Photographer: Alexander Zemlianichenko Jr./Bloomberg
Europe's Relationship With Gazprom Shows Signs of ThawBy
Europe has limited supply options as largest field ages
Second-biggest supplier Norway seen at near maximum output
A rapprochement is emerging between the European Union and its biggest natural gas supplier.
Eleven months after criticizing Gazprom PJSC for “isolating” the Bulgarian market, the EU’s regulator has lauded the Kremlin-backed gas exporter for boosting competition by allowing two-way flows between Greece and Bulgaria. Relations between the EU and Russia had soured after Moscow’s annexation of Crimea in 2014.
“Despite 2014 and its aftermath, the two sides see an increasingly urgent need to get together and discuss how the relationship is going to be managed,” said Jonathan Stern, senior research fellow at the Natural Gas Research Programme of the Oxford Institute for Energy Studies. There’s a “definite thawing” as Gazprom prepares to complete new pipelines to the region.
The company is Europe’s biggest supplier and wants to keep this year’s shipments near last year’s record-high levels. And it’s ready to resume supplies to Ukraine once all debts are met and on the condition that deliveries are paid for in advance.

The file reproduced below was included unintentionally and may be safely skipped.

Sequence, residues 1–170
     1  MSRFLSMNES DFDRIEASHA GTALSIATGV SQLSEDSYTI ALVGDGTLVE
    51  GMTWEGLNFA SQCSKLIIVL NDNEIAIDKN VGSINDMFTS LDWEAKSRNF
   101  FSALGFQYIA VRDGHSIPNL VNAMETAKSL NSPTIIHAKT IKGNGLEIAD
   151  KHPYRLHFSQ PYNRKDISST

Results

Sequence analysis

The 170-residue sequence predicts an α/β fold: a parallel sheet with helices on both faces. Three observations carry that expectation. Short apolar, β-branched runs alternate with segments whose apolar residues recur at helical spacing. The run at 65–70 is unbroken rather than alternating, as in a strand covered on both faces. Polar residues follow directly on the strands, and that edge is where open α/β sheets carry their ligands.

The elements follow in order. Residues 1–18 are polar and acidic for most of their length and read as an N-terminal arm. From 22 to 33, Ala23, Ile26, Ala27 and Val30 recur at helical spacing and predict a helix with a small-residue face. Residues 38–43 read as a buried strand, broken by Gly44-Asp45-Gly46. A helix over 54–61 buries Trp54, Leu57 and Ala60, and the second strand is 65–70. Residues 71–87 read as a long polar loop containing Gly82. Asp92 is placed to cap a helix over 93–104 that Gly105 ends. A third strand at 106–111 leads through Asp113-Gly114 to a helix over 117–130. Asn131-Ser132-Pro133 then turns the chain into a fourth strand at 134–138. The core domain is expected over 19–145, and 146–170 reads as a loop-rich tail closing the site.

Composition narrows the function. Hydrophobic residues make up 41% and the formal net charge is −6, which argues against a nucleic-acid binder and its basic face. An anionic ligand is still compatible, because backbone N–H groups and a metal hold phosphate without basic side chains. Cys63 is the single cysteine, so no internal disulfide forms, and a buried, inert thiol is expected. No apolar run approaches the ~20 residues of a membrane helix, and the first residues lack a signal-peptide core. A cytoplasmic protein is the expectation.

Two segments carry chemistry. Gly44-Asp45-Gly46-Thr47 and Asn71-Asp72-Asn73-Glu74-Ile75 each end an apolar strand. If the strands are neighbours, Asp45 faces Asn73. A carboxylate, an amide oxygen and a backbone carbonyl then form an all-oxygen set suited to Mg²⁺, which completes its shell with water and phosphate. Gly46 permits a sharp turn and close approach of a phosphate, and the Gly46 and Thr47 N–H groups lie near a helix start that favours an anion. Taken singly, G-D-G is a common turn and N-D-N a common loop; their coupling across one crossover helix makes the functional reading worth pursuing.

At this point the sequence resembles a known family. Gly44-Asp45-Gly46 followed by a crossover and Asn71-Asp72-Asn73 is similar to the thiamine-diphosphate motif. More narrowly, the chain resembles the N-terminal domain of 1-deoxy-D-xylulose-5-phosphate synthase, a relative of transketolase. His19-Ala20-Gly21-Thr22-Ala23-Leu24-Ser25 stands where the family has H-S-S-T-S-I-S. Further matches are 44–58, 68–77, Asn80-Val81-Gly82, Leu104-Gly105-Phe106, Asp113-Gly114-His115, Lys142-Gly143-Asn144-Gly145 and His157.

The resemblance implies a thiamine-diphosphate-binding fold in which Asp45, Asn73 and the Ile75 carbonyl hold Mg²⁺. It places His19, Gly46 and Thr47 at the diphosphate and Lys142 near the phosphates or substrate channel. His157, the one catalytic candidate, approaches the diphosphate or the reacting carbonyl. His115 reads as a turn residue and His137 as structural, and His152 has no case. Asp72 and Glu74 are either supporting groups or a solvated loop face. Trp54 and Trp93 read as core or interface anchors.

The Russian company’s decision to allow reverse flows at the Bulgaria-Greece border shows progress, though it still hasn’t rewritten some pipeline-access contracts to further allay antitrust concerns, Dieter Borchardt, the European Commission’s director for internal energy market, said last week in Vienna at the European Gas Conference 2018. “It all helps what injects new trust in the relationship.”
Alexander Medvedev, Gazprom’s deputy head, said at the conference that Russia was keen to supply gas to help Europe balance power grids stressed by intermittent renewable energy, and that piped gas was a cheaper option compared with the liquefied version that’s chilled and shipped on tanker ships.
Europe’s need for a better supply relationship was also underpinned last week when the Dutch government said it would heed a recommendation to deepen production cuts at Europe’s biggest gas field to about half current levels. That came as Norway, the region’s second-biggest supplier, is seen producing gas near its maximum capacity.
The commission is seeking to install new rules that ensure more competition at gas-trading hubs and on pipelines where there are physical and contractual bottlenecks, a process that’s taken almost three decades. The lack of progress isn’t just Gazprom’s fault.
Eastern European nations can do more to boost competition for gas by putting in place rules that would allow better access by new entrants, said Andree Stracke, chief commercial officer at RWE AG’s supply and trading unit. That would make the markets for the fuel work better as Russian supplies increase.
“Certain European countries fear Russian domination, but at the same time they are protecting their own markets, rather than opening them,” Stracke said, without naming any.
That leaves low-cost producer Russia eyeing the chance to boost its share of the European market and unlikely to reduce flows to the EU in favor of other markets, Stracke said.
“Listening to Medvedev on Tuesday, Gazprom wants to boost its market share in Europe,” he said. “The market needs Russian volumes, so why should he reduce it?”
— With assistance by Hayley Warren, Elena Mazneva, and Anna Shiryaevskaya